The graphical representations, controls and other data that are displayed on display unit 200 is accomplished by a computer program stored in memory 300. The computer program could be written in any computer language. Possible computer languages to use include C, Java, and Visual Basic.

The operation of the user interface system is more intuitive than previous user interfaces for other thermal comfort controllers. The various set-points 600 can displayed on the display unit 200 in a graphical format 215, such as in a step-function, bar chart, etc. In the step-function embodiment, which is shown in FIG. 2, each line portion of the step-function line corresponds to a set-point in the temperature schedule data structure 400. Because the display unit 200 is touch-sensitive, the user can use a finger or stylus 240 to “point-and-drag” any one of the vertical lines of the step-function, representing a time of day, to a different value to indicate a new time at which to change the temperature. Similarly, the user can use a finger or stylus 240 to “point-and-drag” any one of the horizontal lines, representing a temperature, to a different value to indicate a new temperature to be maintained by the controller during that time period. When the user changes the graphical representation of the temperature schedule 215, central processing unit 100 modifies the temperature schedule data structure 400 to reflect these changes.

In some embodiments, the buttons 235 or additional controls 230 can be configured so that the user can perform additional programming. For example, one of the buttons 235 or additional controls 230 might cause an alternate schedule to be displayed—such as one for the weekend—which the user can program. Or, pressing one of the buttons 235 or additional controls 230 might cause the temperature history 500 to be displayed by the display unit 200.

In other embodiments of the present invention, the temperature schedule 215 could be displayed in other formats. Again, the step-function shown in FIG. 2 is just one of several ways to graphically display the temperature schedule 215. It could also be shown as a list of set-points, showing the time and temperature for each set-point. Or, a scroll bar or slider bar control could be displayed in which the user simply adjusts the control to adjust the temperature. In such an embodiment, time could be displayed as a digital or analog clock, and the user could modify such a clock control along with the temperature control in order to modify an existing or create a new set-point.

There are many ways in which the user interface system can work with the thermal comfort controller. The user interface system would probably be integrated into a thermal comfort control system and installed on a wall much like current programmable thermostats. However, if the user interface system is configured on a hand-held PDA, the user-interface could communicate with the thermal comfort controller via the PDA's infra-red sensor. Or, the PDA could be synchronized with a personal computer and the personal computer could set the appropriate instructions to the thermal comfort controller. Or, the PDA could use a cellular/mobile phone feature to telephone the controller (i.e., thermostat, personal computer, etc.) to exchange pertinent and relevant data.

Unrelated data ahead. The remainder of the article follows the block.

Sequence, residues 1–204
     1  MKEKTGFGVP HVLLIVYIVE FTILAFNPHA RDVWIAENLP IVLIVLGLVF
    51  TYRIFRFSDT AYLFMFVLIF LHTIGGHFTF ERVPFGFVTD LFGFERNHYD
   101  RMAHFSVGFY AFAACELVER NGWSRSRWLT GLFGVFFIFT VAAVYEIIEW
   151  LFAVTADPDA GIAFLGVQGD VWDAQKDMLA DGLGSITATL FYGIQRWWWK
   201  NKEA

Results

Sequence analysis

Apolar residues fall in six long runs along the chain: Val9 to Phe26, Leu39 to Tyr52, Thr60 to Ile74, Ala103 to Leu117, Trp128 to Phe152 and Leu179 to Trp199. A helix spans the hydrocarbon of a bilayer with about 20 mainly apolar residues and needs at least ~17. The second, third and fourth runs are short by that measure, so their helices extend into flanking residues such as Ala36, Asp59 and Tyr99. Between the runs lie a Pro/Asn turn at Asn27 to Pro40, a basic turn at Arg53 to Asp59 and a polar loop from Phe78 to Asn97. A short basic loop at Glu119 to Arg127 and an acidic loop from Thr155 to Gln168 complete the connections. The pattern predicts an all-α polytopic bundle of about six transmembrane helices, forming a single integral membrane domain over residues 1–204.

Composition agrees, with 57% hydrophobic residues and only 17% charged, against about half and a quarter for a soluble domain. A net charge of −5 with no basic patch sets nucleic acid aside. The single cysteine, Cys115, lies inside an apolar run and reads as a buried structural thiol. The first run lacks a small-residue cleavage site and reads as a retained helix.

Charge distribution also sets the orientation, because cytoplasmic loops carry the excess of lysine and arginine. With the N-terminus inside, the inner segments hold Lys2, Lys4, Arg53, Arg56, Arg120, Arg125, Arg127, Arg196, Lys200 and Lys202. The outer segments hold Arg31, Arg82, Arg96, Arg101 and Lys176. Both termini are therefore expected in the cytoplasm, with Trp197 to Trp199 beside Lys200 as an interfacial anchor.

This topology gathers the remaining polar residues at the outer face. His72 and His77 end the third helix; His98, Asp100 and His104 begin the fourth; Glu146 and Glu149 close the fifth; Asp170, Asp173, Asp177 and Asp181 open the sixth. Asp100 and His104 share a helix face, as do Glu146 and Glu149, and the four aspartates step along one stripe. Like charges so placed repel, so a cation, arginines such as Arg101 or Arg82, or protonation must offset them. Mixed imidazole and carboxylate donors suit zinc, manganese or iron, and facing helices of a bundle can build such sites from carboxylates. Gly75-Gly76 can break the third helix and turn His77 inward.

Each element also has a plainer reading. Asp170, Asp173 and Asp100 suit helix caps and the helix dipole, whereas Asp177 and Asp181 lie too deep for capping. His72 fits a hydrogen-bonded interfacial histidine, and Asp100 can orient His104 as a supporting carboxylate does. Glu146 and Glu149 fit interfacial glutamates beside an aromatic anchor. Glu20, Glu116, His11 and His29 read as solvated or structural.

From the foregoing detailed description, it will be evident that there are a number of changes, adaptations and modifications of the present invention which come within the province of those skilled in the art. However, it is intended that all such variations not departing from the spirit of the invention be considered as within the scope thereof.

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Referenced by
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US838789128 Jul 20095 Mar 2013Tim Simon, Inc.Programmable thermostat time/temperature display and method
US85288317 Dec 200910 Sep 2013Hunter Fan CompanyThermostat with efficiency display
US8744629 *21 Oct 20093 Jun 2014Lennox Industries Inc.System and method of use for a user interface dashboard of a heating, ventilation and air conditioning network
US20100107103 *21 Oct 200929 Apr 2010Lennox Industries Inc.System and method of use for a user interface dashboard of a heating, ventilation and air conditioning network
US20130027412 *14 Apr 201131 Jan 2013Colimote LimitedProgrammable controllers and schedule timers
Classifications
U.S. Classification236/46.00R, 236/94, 345/173
International ClassificationF24F11/02, G06F3/048, G05B19/10, F23N5/20, G05D23/19, G05B15/02, G05D1/00, G05D23/00
Cooperative ClassificationY10S715/97, F24F11/0012, G06F3/04883, F23N5/20, G06F3/04847, G05B2219/23377, G05B15/02, G05D23/1904, G05B2219/25419, G05B2219/23385, G05B2219/25403, F23N2023/38, G05B2219/2614, G05B2219/24055, F23N5/203, G05B19/102, G05B2219/23197, F23N2023/04
European ClassificationG05B15/02, G05D23/19B2, G05B19/10I, G06F3/0488G, G06F3/0484P, F23N5/20B, F24F11/00R3A